Tony Hillerman published a dozen of his seventeen novels before he got that very first one written. At first he was too busy as a United Press writer to get beyond the first chapter. "It wasn’t a job that allowed time for relaxing," he wrote in his memoir, Seldom Disappointed, "but anyone who grew up as a daydreamer always finds time to let his imagination take him away. In my case to Stanleyville, the gem city of the Belgian Congo, which was going to be the setting of the great novel I was planning. Even the names are forgotten now, but at mid-century the city and the country were paying the awful price of generations of brutal Belgian colonial exploitation."
The ideal setting, he said, for the novel he planned to "test the soul" of his protagonist. "But not now. No time now except to compose scenes in my mind as I trotted back to the bureau from the governor’s office or drove home from work. I wrote one first chapter— my hero standing in the lobby of a posh Stanleyville hotel watching shooting and looting along the boulevard. That’s as far as it went. Neither time nor skill to do it, but lots of talking about it, making Marie [his bride] very aware that I yearned to be a novelist."
He became one, as we know, learning the craft, stretching his imagination, and winning awards and best-selling status with his Navajo Tribal Police series. Meanwhile, although the idea of the Stanleyville tale refused to die, the Belgian Congo did, disappearing “from maps and from memories.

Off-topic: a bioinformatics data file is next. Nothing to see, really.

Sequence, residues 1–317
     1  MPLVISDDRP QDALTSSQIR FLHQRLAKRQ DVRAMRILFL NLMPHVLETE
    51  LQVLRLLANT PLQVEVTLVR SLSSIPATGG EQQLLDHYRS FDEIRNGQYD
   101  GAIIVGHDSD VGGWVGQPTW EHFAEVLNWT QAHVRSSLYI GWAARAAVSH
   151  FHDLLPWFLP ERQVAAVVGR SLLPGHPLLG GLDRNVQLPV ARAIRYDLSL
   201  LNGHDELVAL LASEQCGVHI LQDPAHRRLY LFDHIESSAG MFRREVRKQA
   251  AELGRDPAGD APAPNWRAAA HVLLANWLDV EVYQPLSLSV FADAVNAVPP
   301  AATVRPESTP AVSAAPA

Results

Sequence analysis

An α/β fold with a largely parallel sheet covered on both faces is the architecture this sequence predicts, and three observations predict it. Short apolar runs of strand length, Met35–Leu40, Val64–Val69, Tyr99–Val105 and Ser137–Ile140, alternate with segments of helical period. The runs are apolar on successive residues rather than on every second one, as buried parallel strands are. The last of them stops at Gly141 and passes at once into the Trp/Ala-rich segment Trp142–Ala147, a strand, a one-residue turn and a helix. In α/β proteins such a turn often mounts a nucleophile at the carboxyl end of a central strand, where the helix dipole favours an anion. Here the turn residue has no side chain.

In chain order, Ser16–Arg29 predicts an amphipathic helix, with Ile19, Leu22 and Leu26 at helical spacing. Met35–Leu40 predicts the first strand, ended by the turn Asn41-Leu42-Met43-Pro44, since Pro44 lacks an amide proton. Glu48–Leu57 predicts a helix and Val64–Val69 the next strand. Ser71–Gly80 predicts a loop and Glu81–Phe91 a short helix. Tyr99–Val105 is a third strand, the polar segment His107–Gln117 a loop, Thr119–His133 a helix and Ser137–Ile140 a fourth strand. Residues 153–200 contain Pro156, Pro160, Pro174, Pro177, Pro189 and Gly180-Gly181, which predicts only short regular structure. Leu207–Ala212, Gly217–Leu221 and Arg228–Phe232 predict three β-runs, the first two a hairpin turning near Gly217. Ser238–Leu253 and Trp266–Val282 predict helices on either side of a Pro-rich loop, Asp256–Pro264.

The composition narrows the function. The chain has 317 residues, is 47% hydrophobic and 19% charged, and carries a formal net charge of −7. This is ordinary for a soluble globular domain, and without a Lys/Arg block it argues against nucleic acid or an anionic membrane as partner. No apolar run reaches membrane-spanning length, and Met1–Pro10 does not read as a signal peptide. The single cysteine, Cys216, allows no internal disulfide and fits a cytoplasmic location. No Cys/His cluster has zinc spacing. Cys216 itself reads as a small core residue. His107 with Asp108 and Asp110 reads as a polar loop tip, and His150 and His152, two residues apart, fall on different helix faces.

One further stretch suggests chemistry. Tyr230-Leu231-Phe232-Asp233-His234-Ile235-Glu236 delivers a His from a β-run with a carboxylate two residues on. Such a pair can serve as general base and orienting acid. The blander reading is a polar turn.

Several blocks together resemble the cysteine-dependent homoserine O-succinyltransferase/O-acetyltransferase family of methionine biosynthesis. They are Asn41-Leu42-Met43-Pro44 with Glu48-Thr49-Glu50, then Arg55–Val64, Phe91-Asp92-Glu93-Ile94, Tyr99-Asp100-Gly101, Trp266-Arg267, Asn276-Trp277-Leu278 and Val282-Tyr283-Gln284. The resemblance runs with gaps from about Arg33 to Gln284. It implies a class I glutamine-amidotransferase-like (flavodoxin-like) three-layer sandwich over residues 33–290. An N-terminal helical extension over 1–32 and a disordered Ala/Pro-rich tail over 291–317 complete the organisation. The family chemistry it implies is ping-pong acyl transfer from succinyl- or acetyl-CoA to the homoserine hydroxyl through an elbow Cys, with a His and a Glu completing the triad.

Fortunately for the story, if not necessarily our species, “humanity never fails to provide killing fields." So when he finally gave in to the urge to tackle that long-marinating concept the plot had to be moved to Southeast Asia. He named his soul-jeopardized protagonist Carl “Moon” Mathias after a friend and respected squad leader who'd served with him in a WWII combat infantry outfit. The result was Finding Moon, "the closest I have come," he said, "to writing a book that satisfied me."
Yet, despite his success with the mystery series Moon was a hard sell. “I talked to my agent and editor about it and detected no enthusiasm,” he wrote in the memoir. “The two things you want to avoid on the cover of a book are the picture of a spider or anything about Vietnam, which we were trying to forget. My own common sense told me they were right. It would be stupid to stop writing Navajo tribal police mysteries, sales of which were soaring, to turn out a book nobody wants. But the idea was fully revived now.” So he wrote the book.
As promised, Moon Mathias’s soul is tested, severely, soon after we meet him as a self-described “third-rate managing editor on a third-rate newspaper” in a small Colorado town. His younger brother has just been killed in a helicopter crash in Cambodia, near the Vietnam border. Moon learns his brother fathered a daughter while operating his air transport business in Vietnam. It’s the last days of the war there and pandemonium reigns. He must try to find the toddler and bring her to safety.